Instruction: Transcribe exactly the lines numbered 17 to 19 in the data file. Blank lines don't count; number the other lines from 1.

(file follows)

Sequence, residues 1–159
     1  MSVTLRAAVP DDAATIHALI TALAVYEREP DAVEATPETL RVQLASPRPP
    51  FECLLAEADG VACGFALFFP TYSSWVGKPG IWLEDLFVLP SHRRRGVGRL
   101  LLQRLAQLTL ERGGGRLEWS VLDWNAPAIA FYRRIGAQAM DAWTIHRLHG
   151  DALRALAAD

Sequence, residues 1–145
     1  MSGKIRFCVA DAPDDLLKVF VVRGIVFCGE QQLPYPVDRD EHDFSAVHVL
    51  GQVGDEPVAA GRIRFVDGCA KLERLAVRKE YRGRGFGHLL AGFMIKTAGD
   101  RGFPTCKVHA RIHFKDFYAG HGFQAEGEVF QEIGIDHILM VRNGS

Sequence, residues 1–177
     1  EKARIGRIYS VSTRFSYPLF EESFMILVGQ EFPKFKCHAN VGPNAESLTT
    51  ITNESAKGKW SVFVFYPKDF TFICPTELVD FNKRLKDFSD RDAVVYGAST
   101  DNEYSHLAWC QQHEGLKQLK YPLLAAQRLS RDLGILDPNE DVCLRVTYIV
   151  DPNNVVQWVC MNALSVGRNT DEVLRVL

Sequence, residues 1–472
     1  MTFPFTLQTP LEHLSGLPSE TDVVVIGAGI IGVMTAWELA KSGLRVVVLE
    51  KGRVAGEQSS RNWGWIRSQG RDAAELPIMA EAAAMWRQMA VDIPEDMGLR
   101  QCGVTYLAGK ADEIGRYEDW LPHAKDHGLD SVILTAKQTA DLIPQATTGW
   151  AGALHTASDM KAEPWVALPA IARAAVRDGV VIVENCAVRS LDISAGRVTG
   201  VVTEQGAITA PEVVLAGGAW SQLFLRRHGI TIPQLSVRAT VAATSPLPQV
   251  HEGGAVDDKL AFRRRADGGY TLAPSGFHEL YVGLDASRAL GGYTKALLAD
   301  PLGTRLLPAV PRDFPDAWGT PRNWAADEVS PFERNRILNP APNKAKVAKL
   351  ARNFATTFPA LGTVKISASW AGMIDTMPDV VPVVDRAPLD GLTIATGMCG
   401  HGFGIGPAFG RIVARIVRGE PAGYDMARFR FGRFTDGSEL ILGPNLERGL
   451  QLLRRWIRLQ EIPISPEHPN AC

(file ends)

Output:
    51  KGRVAGEQSS RNWGWIRSQG RDAAELPIMA EAAAMWRQMA VDIPEDMGLR
   101  QCGVTYLAGK ADEIGRYEDW LPHAKDHGLD SVILTAKQTA DLIPQATTGW
   151  AGALHTASDM KAEPWVALPA IARAAVRDGV VIVENCAVRS LDISAGRVTG